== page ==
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979) 
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980)     <a id="ChooseEntryExit"></a>
981)     <h3><a class="anchor" href="#ChooseEntryExit">Can I control which nodes (or country) are used for entry/exit?</a></h3>
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982) 
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983)     <p>
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984)     Yes. You can set preferred entry and exit nodes as well as
985)     inform Tor which nodes you do not want to use.
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986)     The following options can be added to your config file <a
987)     href="#torrc">"torrc"</a> or specified on the command line:
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988)     </p>
989)     <dl>
990)       <dt><tt>EntryNodes $fingerprint,$fingerprint,...</tt></dt>
991)         <dd>A list of preferred nodes to use for the first hop in the circuit, if possible.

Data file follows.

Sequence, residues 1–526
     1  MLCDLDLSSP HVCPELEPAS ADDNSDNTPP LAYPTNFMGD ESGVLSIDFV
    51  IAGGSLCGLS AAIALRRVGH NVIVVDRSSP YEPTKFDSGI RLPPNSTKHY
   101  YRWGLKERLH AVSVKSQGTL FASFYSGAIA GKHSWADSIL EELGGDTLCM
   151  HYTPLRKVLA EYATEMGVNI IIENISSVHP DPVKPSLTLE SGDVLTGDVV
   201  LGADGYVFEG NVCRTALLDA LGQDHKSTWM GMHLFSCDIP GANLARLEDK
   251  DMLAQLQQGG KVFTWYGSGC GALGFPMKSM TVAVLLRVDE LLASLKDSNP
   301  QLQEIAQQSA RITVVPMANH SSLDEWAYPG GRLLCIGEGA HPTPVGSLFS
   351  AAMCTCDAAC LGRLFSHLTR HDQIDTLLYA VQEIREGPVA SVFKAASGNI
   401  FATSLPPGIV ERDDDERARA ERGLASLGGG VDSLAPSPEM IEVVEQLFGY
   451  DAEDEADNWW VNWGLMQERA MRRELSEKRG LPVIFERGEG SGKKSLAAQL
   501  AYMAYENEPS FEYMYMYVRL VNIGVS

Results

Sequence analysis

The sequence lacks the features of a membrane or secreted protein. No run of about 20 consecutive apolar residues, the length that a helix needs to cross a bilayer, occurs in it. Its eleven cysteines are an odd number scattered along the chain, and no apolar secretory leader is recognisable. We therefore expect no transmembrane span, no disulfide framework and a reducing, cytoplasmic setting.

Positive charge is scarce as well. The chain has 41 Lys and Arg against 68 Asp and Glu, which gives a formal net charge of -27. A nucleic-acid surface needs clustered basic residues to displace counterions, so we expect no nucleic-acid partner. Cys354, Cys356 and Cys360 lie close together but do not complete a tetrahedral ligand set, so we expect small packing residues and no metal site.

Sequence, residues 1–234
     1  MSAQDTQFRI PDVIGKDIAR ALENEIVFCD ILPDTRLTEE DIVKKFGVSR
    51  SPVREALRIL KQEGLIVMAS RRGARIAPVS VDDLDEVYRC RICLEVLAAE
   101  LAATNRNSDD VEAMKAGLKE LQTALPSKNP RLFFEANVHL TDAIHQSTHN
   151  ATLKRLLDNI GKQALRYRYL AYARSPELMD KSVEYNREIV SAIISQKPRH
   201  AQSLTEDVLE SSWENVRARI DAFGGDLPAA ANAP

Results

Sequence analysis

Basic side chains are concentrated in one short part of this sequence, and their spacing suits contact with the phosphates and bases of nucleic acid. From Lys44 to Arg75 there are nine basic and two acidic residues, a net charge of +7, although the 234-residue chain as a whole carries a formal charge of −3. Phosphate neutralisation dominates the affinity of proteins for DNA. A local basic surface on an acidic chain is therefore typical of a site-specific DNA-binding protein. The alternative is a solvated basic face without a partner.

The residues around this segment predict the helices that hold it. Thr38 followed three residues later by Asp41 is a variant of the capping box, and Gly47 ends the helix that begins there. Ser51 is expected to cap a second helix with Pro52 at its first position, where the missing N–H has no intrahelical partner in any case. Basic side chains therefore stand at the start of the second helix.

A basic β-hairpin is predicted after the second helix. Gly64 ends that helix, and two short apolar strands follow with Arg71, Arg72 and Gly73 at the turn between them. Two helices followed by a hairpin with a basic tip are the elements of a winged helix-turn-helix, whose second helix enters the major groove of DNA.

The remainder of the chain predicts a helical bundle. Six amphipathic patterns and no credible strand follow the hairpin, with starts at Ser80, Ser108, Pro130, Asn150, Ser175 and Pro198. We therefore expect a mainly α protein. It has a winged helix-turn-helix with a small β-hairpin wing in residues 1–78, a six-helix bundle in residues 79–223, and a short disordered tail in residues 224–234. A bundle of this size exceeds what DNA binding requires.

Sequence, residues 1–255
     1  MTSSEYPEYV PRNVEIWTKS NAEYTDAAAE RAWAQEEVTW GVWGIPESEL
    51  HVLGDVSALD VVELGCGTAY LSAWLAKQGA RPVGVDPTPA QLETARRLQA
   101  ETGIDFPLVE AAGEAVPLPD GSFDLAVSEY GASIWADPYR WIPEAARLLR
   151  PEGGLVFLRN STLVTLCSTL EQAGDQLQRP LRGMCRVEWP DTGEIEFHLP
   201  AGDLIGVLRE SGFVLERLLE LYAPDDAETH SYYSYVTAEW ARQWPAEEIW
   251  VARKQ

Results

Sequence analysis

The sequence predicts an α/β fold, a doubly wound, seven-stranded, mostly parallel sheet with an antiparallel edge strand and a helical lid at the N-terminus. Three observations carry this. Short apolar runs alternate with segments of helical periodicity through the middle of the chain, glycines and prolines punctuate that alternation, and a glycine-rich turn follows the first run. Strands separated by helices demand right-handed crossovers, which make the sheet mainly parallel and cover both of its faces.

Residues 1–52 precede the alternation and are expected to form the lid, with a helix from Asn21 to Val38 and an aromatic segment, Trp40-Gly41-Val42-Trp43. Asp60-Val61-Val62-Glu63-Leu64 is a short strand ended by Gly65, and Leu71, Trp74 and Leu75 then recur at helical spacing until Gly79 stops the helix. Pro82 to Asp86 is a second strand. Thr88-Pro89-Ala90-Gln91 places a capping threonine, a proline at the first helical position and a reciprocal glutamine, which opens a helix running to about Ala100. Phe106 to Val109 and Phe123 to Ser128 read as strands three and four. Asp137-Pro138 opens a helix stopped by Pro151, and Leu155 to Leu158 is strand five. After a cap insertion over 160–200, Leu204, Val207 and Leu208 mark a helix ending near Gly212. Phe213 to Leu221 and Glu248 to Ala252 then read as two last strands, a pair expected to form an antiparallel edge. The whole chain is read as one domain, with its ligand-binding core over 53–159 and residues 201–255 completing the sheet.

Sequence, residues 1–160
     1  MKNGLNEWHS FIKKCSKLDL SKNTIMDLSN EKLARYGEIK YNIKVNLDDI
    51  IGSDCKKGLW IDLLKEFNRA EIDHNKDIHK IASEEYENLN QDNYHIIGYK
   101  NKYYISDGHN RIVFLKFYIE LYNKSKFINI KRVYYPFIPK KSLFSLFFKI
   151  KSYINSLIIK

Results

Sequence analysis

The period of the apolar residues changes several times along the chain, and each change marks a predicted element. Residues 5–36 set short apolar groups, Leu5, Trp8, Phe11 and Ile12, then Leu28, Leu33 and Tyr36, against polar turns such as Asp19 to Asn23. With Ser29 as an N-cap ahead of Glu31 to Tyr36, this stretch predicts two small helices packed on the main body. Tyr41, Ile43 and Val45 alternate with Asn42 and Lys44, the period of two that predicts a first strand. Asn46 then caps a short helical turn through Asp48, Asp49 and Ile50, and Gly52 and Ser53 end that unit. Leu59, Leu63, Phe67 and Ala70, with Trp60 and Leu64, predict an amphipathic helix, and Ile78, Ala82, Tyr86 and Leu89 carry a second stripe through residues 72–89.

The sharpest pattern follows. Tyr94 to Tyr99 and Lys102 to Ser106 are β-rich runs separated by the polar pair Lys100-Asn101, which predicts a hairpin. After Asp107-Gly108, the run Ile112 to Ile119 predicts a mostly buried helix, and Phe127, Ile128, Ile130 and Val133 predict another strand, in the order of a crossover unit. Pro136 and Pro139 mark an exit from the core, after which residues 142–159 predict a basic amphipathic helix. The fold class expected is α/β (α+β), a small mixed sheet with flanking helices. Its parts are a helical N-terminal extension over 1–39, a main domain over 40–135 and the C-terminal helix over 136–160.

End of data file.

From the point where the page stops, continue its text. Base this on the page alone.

992)         </dd>
993)       <dt><tt>ExitNodes $fingerprint,$fingerprint,...</tt></dt>
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994)         <dd>A list of preferred nodes to use for the last hop in the circuit, if possible.
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995)         </dd>
996)       <dt><tt>ExcludeNodes $fingerprint,$fingerprint,...</tt></dt>
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997)         <dd>A list of nodes to never use when building a circuit.
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998)         </dd>
999)       <dt><tt>ExcludeExitNodes $fingerprint,$fingerprint,...</tt></dt>
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1000)         <dd>A list of nodes to never use when picking an exit.
1001)             Nodes listed in <tt>ExcludeNodes</tt> are automatically in this list.
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1002)         </dd>
1003)     </dl>
1004)     <p>
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1005)     <em>We recommend you do not use these</em>
1006)     &mdash; they are intended for testing and may disappear in future versions.
1007)     You get the best security that Tor can provide when you leave the